It wasn’t an Olympic test match, but Japan got to see how Tokyo Stadium looks and feels like when the world comes to it.
On September 20, the 2019 Rugby World Cup commenced at Tokyo Stadium in rousing fashion as Japan defeated Russia in a stirring start to this increasingly popular rugby union world championship.
Tokyo Stadium, which is about 18 kilometers west of the National Stadium in Yoyogi, will be the site of Olympic rugby, soccer and the pentathlon in 2020. On the second day of the Rugby World Cup, I was at Tokyo Stadium for a match between Argentina and France.
Fans from all over the world filed into the stadium, many of them making their way by train, and then taking a short 5-minute walk from Tobitakyu Station on the Keio Line to the Stadium. The path to the stadium was lined by volunteers who were there essentially to smile and wave us on. As a tv commentator said, the volunteers make the entry to a stadium feel like you’re at Disneyland.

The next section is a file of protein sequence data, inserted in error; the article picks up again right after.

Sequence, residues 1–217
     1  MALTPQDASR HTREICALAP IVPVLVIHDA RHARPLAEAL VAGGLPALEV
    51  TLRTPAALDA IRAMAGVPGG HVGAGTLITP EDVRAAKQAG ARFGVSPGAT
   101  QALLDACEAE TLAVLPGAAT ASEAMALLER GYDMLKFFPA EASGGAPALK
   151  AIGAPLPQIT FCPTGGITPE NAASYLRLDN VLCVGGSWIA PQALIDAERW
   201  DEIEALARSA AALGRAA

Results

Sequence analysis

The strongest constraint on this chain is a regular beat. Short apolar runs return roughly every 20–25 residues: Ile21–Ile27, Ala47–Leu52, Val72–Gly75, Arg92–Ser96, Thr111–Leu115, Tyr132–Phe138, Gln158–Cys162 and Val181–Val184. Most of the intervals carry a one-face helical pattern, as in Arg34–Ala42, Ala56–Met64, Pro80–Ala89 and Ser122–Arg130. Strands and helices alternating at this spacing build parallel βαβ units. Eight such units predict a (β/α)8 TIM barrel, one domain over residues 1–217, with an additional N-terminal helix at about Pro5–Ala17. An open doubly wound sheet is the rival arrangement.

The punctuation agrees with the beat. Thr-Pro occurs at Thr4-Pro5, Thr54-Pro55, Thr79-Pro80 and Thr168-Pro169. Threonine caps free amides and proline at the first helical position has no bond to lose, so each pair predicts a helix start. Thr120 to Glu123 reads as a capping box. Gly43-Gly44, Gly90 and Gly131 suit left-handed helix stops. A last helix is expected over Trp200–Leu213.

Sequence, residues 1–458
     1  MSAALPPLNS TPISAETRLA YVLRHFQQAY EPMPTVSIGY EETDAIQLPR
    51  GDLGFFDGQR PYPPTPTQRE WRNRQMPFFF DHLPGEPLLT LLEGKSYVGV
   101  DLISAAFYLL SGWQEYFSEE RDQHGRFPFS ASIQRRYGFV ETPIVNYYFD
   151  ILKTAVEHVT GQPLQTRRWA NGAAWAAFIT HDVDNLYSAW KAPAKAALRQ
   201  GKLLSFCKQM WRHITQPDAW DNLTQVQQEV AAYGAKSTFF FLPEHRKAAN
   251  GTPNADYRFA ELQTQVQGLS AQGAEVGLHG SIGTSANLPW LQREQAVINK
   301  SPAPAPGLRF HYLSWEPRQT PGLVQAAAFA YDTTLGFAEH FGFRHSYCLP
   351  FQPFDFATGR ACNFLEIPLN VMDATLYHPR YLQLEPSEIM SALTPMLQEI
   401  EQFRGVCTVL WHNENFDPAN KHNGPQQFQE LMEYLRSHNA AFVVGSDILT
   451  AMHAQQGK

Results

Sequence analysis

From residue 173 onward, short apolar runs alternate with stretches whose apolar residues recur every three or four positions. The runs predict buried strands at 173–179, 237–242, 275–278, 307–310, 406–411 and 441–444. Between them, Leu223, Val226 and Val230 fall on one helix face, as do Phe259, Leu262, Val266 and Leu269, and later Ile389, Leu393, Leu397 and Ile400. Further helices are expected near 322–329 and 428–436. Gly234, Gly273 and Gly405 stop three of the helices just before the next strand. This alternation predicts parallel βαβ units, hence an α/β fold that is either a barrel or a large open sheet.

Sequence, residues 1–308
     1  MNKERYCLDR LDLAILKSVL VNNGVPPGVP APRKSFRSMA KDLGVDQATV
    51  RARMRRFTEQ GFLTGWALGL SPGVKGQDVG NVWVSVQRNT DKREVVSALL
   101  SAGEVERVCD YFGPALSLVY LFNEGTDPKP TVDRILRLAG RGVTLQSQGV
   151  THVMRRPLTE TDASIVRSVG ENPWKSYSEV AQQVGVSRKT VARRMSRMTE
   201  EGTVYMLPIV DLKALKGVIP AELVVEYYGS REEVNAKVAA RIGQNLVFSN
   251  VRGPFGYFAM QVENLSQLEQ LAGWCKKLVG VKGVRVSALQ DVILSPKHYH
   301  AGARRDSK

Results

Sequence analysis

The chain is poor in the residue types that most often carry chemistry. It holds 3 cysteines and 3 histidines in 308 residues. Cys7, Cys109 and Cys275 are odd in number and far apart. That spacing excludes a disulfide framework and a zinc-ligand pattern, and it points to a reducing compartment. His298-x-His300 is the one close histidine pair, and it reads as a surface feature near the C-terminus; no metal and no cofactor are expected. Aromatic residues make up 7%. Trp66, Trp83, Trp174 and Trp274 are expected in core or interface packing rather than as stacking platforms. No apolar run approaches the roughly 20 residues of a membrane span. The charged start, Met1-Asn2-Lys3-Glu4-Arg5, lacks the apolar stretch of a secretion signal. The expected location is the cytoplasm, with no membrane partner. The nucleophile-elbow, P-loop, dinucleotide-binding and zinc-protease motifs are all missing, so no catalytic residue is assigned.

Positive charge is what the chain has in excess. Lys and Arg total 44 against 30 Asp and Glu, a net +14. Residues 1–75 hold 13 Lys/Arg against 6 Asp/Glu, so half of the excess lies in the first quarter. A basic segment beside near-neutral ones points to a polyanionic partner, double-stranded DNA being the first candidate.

Inside the stadium, the atmosphere was electric as fans from France and Argentina competed to be heard, and the inevitable “wave” increased intensity as it rolled around and around. As a bonus, the game was a nailbiter.
Despite falling behind 20-3 at the half, the light blue and white striped team from Argentina burst into the second half with two quick tries to pull within 3 of France, and eventually took the lead with a penalty kick. But the fans from France had to fret for only a couple of minutes when a drop kick from a recently added substitute pushed France back in the lead 23-21. And when a potentially game-winning penalty kick by Argentina went slightly wide, Les Bleus had won their opening match of the tournament.
Right after the match ended, the fans filed out very quickly, made their way to the crowded station, and yet filled trains back into town. While security might be a tad greater for the Olympics, this match was an indication that getting in and out of Tokyo Stadium by train is a piece of cake. Granted, traffic will be greater as the neighboring facility, Musashino Forest Sports Plaza, will host Olympic badminton and pentathlon fencing.
Note: All photos taken by author.
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